Lynne Murdock, WASO natural resources interpretive specialist, met visitors in the Sant Ocean Hall beneath the life-size model of Phoenix, a right whale, at the National Museum of Natural History on the National Mall.  Baleen whales eat by “filter feeding.”  Young people were able to touch a “hairy” piece of baleen, while Murdock described how the whale pushes water through baleen in its jaw to filter plankton from water. 

The North Atlantic right whale (Eubalaena glacialis) is listed as endangered.  NOAA has identified Cape Cod Bay, where Cape Cod National Seashore and Stellwagen Bank National Marine Sanctuary are located, as critical habitat for the recovery of the right whale.

Following her right whale talk, Murdock met visitors for a Find Your Park experience in Q?rius, the Coralyn W. Whitney Science Education Center, an interactive learning space at the museum where young people engage with the natural world.  Kids entered their zip code into an easy-to-use interactive map of the National Park System on the NPS Ocean and Coastal Resources program web site

Once the students successfully navigated the map and found their closest park, they explored ways to experience the spectacular lands and coastal waters in the National Park System.   The successful trail blazers were able to pick out a prize.

These World Oceans Day activities were a joint effort between the Smithsonian’s National Museum of Natural History and the NPS Natural Resource Stewardship and Science directorate. 

For more information, see and

[Submitted by Cliff McCreedy, Marine Resource Management Specialist]

Timucuan Ecological & Historic Preserve (FL)
Park Teams Up With The Jacksonville Armada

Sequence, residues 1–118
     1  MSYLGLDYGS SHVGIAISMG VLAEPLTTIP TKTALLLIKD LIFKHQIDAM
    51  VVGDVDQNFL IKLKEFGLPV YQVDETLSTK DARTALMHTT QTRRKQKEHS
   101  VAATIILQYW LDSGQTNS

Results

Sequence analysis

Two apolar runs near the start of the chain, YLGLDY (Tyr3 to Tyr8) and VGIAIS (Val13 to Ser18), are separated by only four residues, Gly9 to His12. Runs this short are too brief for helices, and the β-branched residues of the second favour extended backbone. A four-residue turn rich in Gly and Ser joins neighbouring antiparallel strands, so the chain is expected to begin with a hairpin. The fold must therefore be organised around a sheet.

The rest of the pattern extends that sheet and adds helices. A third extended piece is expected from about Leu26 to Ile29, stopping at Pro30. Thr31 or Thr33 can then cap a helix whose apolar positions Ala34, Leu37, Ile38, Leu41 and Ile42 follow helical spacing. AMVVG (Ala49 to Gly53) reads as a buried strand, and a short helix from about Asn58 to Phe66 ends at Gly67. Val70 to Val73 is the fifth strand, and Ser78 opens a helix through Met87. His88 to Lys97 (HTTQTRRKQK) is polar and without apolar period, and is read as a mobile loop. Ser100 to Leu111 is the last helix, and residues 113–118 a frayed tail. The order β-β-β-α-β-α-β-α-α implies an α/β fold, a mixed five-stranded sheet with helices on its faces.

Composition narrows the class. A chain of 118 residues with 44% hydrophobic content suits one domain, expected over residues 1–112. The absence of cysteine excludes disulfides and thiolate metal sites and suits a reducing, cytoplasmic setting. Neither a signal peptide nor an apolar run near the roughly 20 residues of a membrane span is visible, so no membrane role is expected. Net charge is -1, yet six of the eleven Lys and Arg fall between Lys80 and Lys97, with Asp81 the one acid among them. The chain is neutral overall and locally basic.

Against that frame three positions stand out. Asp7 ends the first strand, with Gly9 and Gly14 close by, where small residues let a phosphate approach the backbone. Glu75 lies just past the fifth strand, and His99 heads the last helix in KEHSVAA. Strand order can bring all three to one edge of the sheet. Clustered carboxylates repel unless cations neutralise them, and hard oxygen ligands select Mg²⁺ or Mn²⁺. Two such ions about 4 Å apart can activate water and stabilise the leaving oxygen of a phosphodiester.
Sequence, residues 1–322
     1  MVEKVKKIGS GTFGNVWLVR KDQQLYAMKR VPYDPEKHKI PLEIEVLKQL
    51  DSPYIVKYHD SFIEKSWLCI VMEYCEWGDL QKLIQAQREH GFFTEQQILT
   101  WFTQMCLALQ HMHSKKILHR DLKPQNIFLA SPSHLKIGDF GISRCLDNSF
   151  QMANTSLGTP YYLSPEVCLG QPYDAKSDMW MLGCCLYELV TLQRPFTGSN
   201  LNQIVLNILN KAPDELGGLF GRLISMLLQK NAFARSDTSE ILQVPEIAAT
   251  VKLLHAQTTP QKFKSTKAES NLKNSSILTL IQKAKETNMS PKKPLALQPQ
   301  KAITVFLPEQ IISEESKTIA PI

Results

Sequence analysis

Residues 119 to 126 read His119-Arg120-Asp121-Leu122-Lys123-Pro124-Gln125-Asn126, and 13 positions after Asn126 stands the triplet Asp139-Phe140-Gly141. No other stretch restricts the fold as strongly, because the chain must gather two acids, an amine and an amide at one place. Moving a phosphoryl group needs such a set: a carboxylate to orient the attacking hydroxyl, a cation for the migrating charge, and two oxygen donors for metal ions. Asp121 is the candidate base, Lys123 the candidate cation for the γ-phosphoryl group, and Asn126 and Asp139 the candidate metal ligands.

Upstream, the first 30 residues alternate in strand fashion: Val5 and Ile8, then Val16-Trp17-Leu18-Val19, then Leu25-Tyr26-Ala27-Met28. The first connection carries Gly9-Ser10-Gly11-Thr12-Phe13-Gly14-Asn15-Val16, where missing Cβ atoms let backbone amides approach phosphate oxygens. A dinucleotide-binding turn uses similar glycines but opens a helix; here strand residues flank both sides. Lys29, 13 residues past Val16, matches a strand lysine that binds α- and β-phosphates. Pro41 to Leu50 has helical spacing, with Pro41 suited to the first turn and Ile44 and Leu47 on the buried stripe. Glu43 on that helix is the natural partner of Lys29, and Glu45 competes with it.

Jacksonville’s major league soccer team, the Armada, recently approached the Timucuan Preserve with a unique opportunity. 

This year is the Armada’s inaugural season in the North American Soccer League (NASL). The Armada desired to partner and create a team tradition.  By integrating a cannon firing and a foghorn into their pregame and scoring ritual, team management hopes to accomplish this dream. 

The park agreed to assist the team in developing a canon firing program.  As part of the agreement, the Armada would provide space for the NPS to have a booth during pre-game festivities outside the stadium and would play the NPS #Find Your Park video before and during each game on the stadium’s enormous screen.

On April 4th, the Timucuan Preserve’s cannon crew, consisting of volunteers and staff, and the park’s two historic weapons supervisors fired the park’s two cannons at the Armada’s inaugural match.  The match was held in the NFL Jaguars home, Everbank Field, before a crowd of 16,000 enthusiastic soccer fans, setting a new NASL record for largest attendance at a match.  The park has been involved in five home games thus far.